Farmers are always at the mercy of the weather, but when the going gets tough, they refuse to give up. Just ask Jack Powell of Bertie County Peanuts in Windsor. His family’s century-old farm supply company, Powell & Stokes Inc., and peanut business has been through multiple hurricanes, tropical storms and floods, and has lived to tell the tale.
In October 2016, Tropical Storm Julia dumped 17 inches of water in the main office of Powell & Stokes Inc., the parent company of Bertie County Peanuts, which was started in 1919 by Powell’s grandfather. The peanut division of the business was added in 1992.
“We knew Hurricane Matthew was coming, but we were told it was going to miss us, so we cleaned up and dried everything out,” Powell recalls. “Three weeks later, Hurricane Matthew dumped another 27 inches of water in our office. It was very stressful.”
The biggest concern for Powell was getting all the peanuts out of their warehouse before the water destroyed them – and getting their computers and office equipment 4 feet up off the ground.
“When Matthew hit, we had about six hours to get everything up,” he says. “We just didn’t expect it to come here – it was predicted to miss us. Someone called us and said, ‘Did you know your parking lot is full of water?’ ”
Bertie County Peanuts, famous for the peanuts they cook, season and sell all over the world, buys peanuts in bulk from local farmers. When Matthew hit, Powell says those farmers were scrambling to save their peanuts while he and his office staff of six people scrambled to help. But business kept on humming despite the challenges.
“The water stayed in our office for 24 to 36 hours, but we took our computers up into the attic of our building and operated up there for about three weeks with no A/C or heat while our building was dehumidified and the walls were repaired,” Powell says. “We didn’t miss a lick.”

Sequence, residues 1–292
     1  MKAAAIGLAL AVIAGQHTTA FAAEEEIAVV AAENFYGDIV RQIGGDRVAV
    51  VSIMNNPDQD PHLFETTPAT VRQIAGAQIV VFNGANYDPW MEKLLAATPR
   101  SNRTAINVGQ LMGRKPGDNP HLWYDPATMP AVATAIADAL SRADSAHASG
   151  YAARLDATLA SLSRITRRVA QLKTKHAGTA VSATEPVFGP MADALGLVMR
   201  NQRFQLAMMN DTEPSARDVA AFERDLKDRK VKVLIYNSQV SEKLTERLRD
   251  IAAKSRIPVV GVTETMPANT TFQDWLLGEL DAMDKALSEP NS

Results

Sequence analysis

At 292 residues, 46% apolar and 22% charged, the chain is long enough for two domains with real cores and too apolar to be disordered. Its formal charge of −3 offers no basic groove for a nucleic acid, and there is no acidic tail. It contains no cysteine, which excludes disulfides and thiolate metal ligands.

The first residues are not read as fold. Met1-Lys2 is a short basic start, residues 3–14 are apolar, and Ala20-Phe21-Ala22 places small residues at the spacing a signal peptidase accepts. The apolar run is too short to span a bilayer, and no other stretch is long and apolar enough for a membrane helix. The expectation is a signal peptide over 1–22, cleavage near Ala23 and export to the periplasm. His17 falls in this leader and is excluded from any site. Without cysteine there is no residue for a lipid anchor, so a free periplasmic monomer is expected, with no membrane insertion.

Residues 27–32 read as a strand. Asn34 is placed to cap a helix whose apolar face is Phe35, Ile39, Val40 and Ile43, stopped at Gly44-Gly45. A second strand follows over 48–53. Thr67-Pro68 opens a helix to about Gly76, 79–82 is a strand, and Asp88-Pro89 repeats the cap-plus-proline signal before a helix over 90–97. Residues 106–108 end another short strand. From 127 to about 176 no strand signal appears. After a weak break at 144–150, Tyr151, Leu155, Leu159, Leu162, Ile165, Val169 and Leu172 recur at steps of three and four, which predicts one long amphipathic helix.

That kind of resilience and determination is common among farmers, who often have to pull together to overcome natural disasters. Tropical Storm Julia and Hurricane Matthew of 2016 didn’t even compare to Hurricane Floyd in 1999, Powell says.
“We had 38 inches of rain in our office that year,” he recalls. “We had no flood insurance, and we lost everything the water touched or damaged. It was a terrible lick, both financially and emotionally. But we’re back to normal now, and anticipating how to prepare for the next flood – for surely, there will be another one.”
Bertie County Peanuts Celebrates a Century
With all they’ve been through, it may seem surprising that Powell & Stokes has survived for a century. The business will celebrate its 100th year in operation in 2019.
When the company started, it sold fertilizer and seed, and the fertilizer came in 200-pound burlap bags by boat. Powell’s father and uncle came back after serving in World War II and joined the family business. Powell joined in 1964, and his brother, Bill, in 1972. Powell’s sons, Jon and Jeff, joined the business in 2008 and 2015 respectively, bringing a fourth generation to the company.
Bill has since retired, but at 76, Jack says he enjoys what he does and has no plans to retire any time soon. He’s proud of the legacy Bertie County Peanuts has created, bringing positive recognition to one of North Carolina’s poorest counties.
Peanuts Are Popping
How did a farm supply company begin selling cooked peanuts, you might ask?
“About 40 years ago, my dad got a popcorn popper and put some oil in it and started frying peanuts, then adding salt,” Powell says. “When farmers came in, he’d offer them some. People kept saying they were great, so he kept cooking peanuts.”
Today the company cooks 16 pounds of peanuts at a time in oil roasters every fall.
“We have about a dozen seasonal workers who enjoy working for us,” Powell says. “They start cooking and shipping the peanuts the first of November through Christmas. Most of them are retired people just wanting some part-time seasonal work. They enjoy the camaraderie. They have a good time.”
Bertie County Peanuts are sold in several flavors, from seasoned and salted to spicy ghost pepper and sweet chocolate or butterscotch-coated varieties. The company has shipped peanuts to every state and as far away as Japan.
“It really gives our rural county something to be proud of,” Powell says.